Simple, fruity red blends from California are not what they once were. This is upsetting, because I appreciate  simple and fruity wines quite a bit. Not every occasion requires a bottle of Chateau Le Snooty. But prices have gone up or quality has gone down, or both, in the last couple of years.

The Mambo (about $13, available at Whole Foods), though, has remained consistently satisfying. It’s a six-grape blend (no cabernet sauvignon or merlot, thankfully) that offers dark fruit and medium tannins. Serve it with Italian food, hamburgers or anything else that requires a simple, fruity wine.

And yes, it has a silly closure called a zork that does seem to do the job — and without need of a corkscrew.

• I heartily recommend a new book called The Wine Trials, and not just because I had a tiny, little part in it. The book, the brainchild of wine drinker Robin Goldstein, argues that we drink expensive wine not because it’s better than cheap wine, but because we think it is. Goldstein held a series of blind tastings to test the theory, and it seemed to hold up. The book’s highlight? A list of 100 quality wines for $15 or less, most of which are good values. (And I have had about two-thirds of them, which is kind of scary.)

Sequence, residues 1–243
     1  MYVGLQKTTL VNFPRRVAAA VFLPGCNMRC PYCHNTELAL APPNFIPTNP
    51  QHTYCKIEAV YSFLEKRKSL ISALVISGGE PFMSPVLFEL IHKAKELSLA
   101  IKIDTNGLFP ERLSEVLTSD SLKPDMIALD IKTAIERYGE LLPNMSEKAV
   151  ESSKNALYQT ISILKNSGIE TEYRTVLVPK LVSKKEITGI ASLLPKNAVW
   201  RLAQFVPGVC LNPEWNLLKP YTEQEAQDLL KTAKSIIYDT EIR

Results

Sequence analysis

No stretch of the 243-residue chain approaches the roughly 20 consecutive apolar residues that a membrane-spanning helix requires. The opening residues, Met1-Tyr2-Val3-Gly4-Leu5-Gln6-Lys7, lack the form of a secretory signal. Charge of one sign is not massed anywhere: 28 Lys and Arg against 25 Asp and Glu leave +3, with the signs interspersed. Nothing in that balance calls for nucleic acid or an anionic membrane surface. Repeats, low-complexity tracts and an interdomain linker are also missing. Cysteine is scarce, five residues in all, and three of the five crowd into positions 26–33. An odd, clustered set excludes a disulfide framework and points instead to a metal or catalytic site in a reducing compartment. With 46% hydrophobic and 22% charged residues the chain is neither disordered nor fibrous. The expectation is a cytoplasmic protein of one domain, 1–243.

• Those of us wondering if we’re officially in a recession need look no further than this news release, for a Brazilian rum called Leblon Cachaca. The release isn’t on the web site, so I’ll quote: "What’s the cocktail of the 2008 recession? Many are pointing to the Caipirinha, the Brazilian national cocktail made with Cachaca, Brazil’s national spirit. After all, who knows how to muddle through an economic crisis better than the Brazilians?" Glad we have that settled.